What is claimed is:

l. A bulk material container comprising a body including a pair of cells having open bottom portions;

a bottom cap receiving said body and having a wall closing said open bottom portions of said cells and aperture means in said wall providing communication with said cells;

pull-plate means slidably mounted in said bottom cap to be movable between a closed position covering said aperture means and an open position at least partially opening said aperture means to permit controlled dispensing of bulk material simultaneously from said cell;

wherein each of said pair of cells is formed of a folded paperboard sleeve having an inner side panel, said inner side panels of said sleeves being laminated together to form a central partition in said body separating said pair of cells;

wherein a paperboard liner is bonded to each of said sleeves;

wherein each of said sleeves has an end panel disposed transverse to said inner side panel to define a front central corner for each of said cells, said inner side panels and said end panels each having a bottom edge with a flange extending therefrom, said flanges having side edges spaced from said front central corners to define adjacent openings on opposite sides of said central partition, and said aperture means includes an aperture spanning said adjacent openings; and

wherein said pair of cells of said body have open top portions and said pull-plate means has a slot formed therein, and further comprising a top cap closing said open top portions of said cells, and a banding strap extending around said body and said top and bottom caps and passing through said slot in said pull-plate means to hold said pull-plate means in said closed position.

2. A bulk material container as recited in claim 1 wherein said pullplate means includes a tongue extending within said bottom cap to cover said aperture means and a handle extending transversely from said tongue and having said slot formed therein.

3. A bulk material container as recited in claim 2 wherein said wall of said bottom cap has a rectangular configuration and said bottom cap has flanges extending transversely from the sides and ends of said wall, one of said end flanges having a slot therein aligned with said aperture, said tongue of said pull-plate means extending through said end flange slot.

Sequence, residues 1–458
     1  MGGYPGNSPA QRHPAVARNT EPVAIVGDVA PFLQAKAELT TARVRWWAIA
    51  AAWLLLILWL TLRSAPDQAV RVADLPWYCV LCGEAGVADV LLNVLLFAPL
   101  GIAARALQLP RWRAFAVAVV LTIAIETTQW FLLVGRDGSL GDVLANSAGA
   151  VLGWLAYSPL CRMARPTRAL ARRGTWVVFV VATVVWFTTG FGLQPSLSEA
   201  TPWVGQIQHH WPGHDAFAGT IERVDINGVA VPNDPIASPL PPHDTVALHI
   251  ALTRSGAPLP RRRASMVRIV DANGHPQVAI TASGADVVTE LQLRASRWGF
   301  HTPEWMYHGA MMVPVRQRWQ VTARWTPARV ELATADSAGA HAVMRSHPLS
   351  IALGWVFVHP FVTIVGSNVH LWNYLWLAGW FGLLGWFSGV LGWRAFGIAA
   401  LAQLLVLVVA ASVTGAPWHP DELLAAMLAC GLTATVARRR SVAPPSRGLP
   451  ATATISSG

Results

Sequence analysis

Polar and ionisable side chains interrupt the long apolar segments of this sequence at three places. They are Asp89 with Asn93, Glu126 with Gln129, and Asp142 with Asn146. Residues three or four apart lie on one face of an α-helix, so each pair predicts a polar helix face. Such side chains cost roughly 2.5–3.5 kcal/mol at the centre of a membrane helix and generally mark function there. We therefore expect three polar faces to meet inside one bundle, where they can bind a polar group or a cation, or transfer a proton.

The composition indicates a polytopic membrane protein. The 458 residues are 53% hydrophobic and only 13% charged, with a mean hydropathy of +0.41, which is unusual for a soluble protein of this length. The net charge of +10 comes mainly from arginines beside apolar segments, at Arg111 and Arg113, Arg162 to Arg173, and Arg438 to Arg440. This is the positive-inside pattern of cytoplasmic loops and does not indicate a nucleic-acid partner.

4. A bulk material container comprising a body including a pair of cells having open bottom portions,

a bottom cap receiving said body and having a wall closing said open bottom portions of said cells and aperture means in said wall providing communication with said cells,

pull-plate means slidably mounted in said bottom cap to be movable between a closed position covering said aperture means and an open position at least partially opening said aperture means to permit controlled dispensing of bulk material simulta neously from said cells,

said pair of cells of said body having open top portions and said pull-plate means having a slot formed therein, and further comprising a top cap closing said open top portions of said cells,

and

a banding strap extending around said body and said top and bottom caps and passing through said slot in said pull-plate means to hold said pull-plate means in said closed position.

5. A bulk material container as recited in claim 4 wherein said pull-plate means includes a tongue extending within said bottom cap to cover said aperture means and a handle extending transversely from said tongue.

6. A bulk material container as recited in claim 5 wherein said bottom cap has flanges extending transversely from the edges of said wall, and each of said pair of cells of said body is formed of panels having bottom edges and flanges extending transversely from said bottom edges, said flanges resting on said wall of said bottom cap whereby the weight of bulk material on said flanges seats said body in said bottom cap.